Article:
It’s a beautiful sunny day and we’re off to the beach. It’s such a privilege to have this natural playground right on our doorstep. There’s swimming, surfing, body-boarding and just general lazing about in the sand catching a tan, all for free… or so we think. The ocean carries with it the cost of responsibility for keeping it clean and free of toxins. With the advent of plastics around the turn of the twentieth century this cost began to rise, first quite slowly, but now there is a veritable avalanche of plastic pouring into our oceans. This takes the form of plastic liquid containers, shopping bags, fast food containers and the list goes on and on. This has a massive impact on sea-life.
All ocean creatures now carry plastic within them. This takes the form of plastic objects or pieces thereof and “micro-plastics” which are minute particles that come from broken down plastic objects (plastic never ever ever bio-degrades!). This occurs from plankton at the bottom of the food chain, right up to massive whales. This doesn’t only endanger the lives of the sea-creatures affected, but also sea-birds and us of course. When eating sushi you are now getting a whole lot more than you bargained for!
Plastic is often seen as an inert, harmless substance, but it does in fact leach many dangerous chemicals into the environment. A particularly nasty chemical found in plastics is Bisphenol A. It is used to harden certain plastics. Bisphenol A (or more commonly known as BPA) started its life in a birth-control research project as it is an endocrine disruptor (messes with your hormones), but was found to be ineffective. BPA mimics the hormone estrogen, which may be why girls seem to be maturing at an earlier age. There are many health risks associated with this chemical, of which here are a few:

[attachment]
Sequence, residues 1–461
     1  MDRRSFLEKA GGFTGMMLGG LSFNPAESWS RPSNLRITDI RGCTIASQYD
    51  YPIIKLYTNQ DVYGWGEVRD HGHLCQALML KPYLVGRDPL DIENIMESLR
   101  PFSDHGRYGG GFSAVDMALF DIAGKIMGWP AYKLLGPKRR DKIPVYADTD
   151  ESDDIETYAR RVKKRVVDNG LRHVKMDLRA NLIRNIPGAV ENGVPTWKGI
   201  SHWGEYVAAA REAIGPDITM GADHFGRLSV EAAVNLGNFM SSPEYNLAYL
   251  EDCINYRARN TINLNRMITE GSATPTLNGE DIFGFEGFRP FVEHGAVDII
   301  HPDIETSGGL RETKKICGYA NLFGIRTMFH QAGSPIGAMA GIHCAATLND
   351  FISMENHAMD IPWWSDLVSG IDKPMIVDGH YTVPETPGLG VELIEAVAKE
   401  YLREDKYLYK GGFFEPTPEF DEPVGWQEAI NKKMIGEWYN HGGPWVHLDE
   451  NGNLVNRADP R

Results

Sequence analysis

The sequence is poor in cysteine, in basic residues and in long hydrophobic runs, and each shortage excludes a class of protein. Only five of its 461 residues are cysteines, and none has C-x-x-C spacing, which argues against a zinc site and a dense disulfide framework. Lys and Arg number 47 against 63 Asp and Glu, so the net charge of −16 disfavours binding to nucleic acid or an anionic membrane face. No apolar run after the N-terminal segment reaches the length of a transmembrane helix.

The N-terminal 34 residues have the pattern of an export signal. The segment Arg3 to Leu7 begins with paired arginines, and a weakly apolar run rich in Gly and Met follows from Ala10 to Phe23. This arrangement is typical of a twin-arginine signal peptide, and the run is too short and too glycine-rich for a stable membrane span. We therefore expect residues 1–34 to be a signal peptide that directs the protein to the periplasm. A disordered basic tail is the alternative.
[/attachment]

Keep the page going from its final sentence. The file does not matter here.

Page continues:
- multiple types of cancer
- thyroid problems
- developmental issues
As an aside BPA is all over thermal printed till slips and, as luck would have it, is easily absorbed through the skin!
The only way that we can combat these issues is at the source. We need to start making more intelligent choices when it comes to our habits. Take a reusable shopping bag with you when you go to the supermarket. They are easy to fold up and put inside your handbag, especially the clever ones that are made from rip-stop nylon (yes, I know that’s plastic too!). Use a glass bottle to carry your water around in and stop using single use plastic bottles. Recycle everything you possibly can. Tell your favourite take-away joint that you can’t continue buying their food until they start using sensible containers. Most of all DON’T BE A LITTER BUG! Take something with you when you go to the beach (or anywhere for that matter) so that you can take everything you brought with you home to be recycled. It is up to us to solve this crucial challenge…